C&RB: You have come very close to presenting your membership with a completely “gluten-free” menu. What have been some of the challenges you’ve faced in staying ahead of this curve?

Blair: Commercial gluten-free products are getting better, but most of them are still not very good. I try to develop my own recipes so I can adjust the flavor profiles for each of the menu items.

Not every gluten-free flour is the same, and the type of flour that is put in the mix will affect the flavor outcome. My kitchen is a small one and we only have two fryers, so some items we can only do as a modified gluten-free item.

Training the staff to the dangers of cross-contamination is integral to the success of our program. We have allergens placed on the tickets that come back to the kitchen, so all staff members know what they are dealing with.

C&RB: Chef, you are the keeper of the point-of-sale system at your club. What are the main maintenance issues you try to stay on top of on a seasonal or daily basis?

Blair: As most chefs know, there are never enough modifiers or prep options on any POS system. When you think you have covered all of your bases, someone finds a loophole you never saw coming.

In our operation, the kitchen department is in charge of all food-related POS placement. I have trained my sous chefs to set up the daily menus so we stay on top of the process.

Brisket/Pork Butt Brine
Submitted by Allen Blair, Executive Chef, Shadow Glen Golf Club, Olathe, Kan.

1½ gal. water
¾ cup kosher salt
1 cup sugar
¾ cup soy sauce
1½ tsp. dry thyme
1½ tsp. dry tarragon
1½ tsp. black pepper
6 tbsp. olive oil
2 tbsp. BBQ rub seasoning (see recipe, above)
¾ cup molasses

• Mix all ingredients well and let rest for about an hour.
• Remix before using.
• Dock the pork butt like you would a ham.
• Trim excess fat from the brisket and Jaccard.
• Place brisket or pork butt into a large plastic bag, and pour enough brine over meat to cover. Tie up bag tight, to remove any air inside.
• Refrigerate meat for 36 hours, rotating the meat and bag (flip over).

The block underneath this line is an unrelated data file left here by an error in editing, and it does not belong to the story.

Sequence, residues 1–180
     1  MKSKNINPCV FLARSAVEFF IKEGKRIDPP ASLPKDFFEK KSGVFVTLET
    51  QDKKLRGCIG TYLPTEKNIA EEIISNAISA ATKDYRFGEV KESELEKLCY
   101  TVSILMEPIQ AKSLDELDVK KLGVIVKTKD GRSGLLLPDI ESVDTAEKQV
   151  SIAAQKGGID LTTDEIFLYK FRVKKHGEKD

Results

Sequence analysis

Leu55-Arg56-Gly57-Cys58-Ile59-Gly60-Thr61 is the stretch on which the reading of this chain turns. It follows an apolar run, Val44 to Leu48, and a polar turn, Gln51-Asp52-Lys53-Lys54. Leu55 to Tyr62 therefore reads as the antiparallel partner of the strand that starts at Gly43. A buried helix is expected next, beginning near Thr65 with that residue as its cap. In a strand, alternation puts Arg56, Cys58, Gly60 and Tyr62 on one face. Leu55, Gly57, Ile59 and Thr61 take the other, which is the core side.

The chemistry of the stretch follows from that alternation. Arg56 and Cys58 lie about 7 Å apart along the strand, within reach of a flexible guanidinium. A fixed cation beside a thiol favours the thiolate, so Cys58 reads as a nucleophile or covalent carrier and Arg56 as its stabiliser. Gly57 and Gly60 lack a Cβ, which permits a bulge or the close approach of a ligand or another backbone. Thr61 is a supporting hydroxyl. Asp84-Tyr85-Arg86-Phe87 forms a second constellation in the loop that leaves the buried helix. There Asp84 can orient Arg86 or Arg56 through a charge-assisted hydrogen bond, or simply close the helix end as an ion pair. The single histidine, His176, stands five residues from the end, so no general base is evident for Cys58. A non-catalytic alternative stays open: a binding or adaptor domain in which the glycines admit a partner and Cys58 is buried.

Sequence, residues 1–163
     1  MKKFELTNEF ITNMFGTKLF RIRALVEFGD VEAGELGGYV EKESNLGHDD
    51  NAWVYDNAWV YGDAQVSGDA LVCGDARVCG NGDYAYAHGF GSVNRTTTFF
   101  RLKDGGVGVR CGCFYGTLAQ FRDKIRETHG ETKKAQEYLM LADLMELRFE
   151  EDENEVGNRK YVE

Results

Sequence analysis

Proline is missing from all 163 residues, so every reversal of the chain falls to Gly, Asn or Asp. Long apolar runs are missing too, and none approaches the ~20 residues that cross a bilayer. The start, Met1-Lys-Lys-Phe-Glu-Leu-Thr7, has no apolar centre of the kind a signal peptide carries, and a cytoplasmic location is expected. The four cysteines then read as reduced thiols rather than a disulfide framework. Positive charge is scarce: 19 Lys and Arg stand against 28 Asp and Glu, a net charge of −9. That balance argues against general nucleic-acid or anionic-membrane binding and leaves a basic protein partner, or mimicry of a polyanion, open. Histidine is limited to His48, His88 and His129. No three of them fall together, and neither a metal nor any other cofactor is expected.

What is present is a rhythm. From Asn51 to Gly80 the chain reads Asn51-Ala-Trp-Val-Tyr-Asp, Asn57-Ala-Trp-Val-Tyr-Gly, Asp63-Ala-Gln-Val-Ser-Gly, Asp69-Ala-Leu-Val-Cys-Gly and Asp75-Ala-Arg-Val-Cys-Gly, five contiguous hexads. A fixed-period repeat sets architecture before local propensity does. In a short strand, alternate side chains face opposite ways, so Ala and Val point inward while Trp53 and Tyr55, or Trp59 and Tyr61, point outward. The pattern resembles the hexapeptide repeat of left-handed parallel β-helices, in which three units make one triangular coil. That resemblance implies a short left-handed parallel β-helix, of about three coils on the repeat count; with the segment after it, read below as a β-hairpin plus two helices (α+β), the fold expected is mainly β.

•Smoke according to desired recipe.

My menus change seasonally, so I have to add items as we go through those changes. Our specials are also added on a daily basis, with all the prep options attached. This allows us to know what we need to price for those items. I also have to change menu panels at least every other year, so that the menus can hold all of our items.

This season, we are trying to limit our menu items to help with speed of service. As our demographics change, we are finding that our club usage is up in the F&B operation. It can be challenging for the seasonal wait staff to learn the menu panels, so streamlining those menus is key.

C&RB: Allen, how do you stay fresh and reinvent yourself every year after 23 years at Shadow Glen?

Blair: Reading industry publications is important to keep fresh and know about what’s happening in the marketplace. I also try to travel as much as my schedule permits, studying menus as I visit different parts of the country. I really like to have regional offerings on my menus. Attending the Chef to Chef Conferences also really helps me stay in tune with what is happening in the industry! (I have been to all but the very first Chef to Chef.)

C&RB: Having attended multiple Chef to Chef Conferences, what are some of the big takeaways you’ve been able to bring back to apply at your club?

Blair: I have left each Conference feeling that I accomplished a lot. My use of sous vide techniques has really been drawn from things that I have seen or talked about with fellow chefs at the Conferences.

One of the biggest positives is just the exposure to the talent assembled at each Conference. There is a lot of knowledge floating out there, from the presenters to purveyors to other chefs.

The camaraderie at the Conferences is a very important element to me. Meeting chefs from all over the country and the friendships that I have developed are great. I look forward to returning every year.